According to Hanley it is defined as an “illusion” or “hallucination” of movement, usually rotational, of yourself or your environment (Hanley, 2002). The cause of vertigo is initially classified into two separate categories based upon where it originates. It can originate from the peripheral nervous system or the central nervous system. Distinguishing characteristics separating them include the type of nystagmus, imbalance, nausea, hearing loss, duration, and non auditory neurologic symptoms. The imbalance in central disorders are typically very severe, in which the patient is unable to stand still or walk.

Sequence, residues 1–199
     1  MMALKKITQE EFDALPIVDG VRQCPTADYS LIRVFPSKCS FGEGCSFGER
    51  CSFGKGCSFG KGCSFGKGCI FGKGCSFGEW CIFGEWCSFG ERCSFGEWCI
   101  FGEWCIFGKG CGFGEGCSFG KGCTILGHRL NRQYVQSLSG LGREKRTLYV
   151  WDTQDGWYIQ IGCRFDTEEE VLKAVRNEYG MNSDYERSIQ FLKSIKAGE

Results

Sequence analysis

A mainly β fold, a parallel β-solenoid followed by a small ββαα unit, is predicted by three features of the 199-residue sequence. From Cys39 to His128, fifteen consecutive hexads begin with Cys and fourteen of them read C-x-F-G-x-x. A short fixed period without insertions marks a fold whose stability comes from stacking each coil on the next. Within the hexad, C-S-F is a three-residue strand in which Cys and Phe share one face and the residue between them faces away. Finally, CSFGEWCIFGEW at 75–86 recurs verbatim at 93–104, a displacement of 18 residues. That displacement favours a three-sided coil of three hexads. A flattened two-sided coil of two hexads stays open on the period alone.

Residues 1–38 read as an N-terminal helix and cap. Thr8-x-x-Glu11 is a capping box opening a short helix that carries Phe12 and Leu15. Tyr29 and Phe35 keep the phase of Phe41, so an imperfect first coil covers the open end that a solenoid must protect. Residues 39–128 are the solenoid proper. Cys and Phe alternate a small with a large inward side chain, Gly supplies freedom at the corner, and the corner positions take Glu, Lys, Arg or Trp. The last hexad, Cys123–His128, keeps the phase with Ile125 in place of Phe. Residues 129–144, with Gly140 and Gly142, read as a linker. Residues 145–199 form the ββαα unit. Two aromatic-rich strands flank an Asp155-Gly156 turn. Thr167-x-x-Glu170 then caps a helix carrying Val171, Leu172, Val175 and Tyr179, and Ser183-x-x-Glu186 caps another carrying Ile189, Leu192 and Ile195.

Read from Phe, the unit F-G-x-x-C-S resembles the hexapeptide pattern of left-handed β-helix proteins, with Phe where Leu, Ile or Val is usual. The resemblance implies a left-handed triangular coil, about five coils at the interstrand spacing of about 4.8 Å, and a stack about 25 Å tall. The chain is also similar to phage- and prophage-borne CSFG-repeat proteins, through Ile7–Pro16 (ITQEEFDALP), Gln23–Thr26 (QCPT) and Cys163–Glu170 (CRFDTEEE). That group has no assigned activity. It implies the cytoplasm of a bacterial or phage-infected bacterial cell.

Lesions occurring in the cerebellum have the unfortunate effect of abolishing conditioned response acquisition and retention. Such lesions and/or diseases cause motor incoordination called ataxia, with symptoms of tremors, instability and teetering, and an inability to maintain regular movement of tempo (nanonline.org). There are three known major cerebellar syndromes. The vestibulocerebellar cortex controls movement of the eyes and body relating to gravity and turning of the head in space; damage to this area results in ataxia gait and stance, as described above. The spinocerebellar system, which receives information via rapid spinocerebellar pathways during the duration of movement, modulates and smoothes that movement.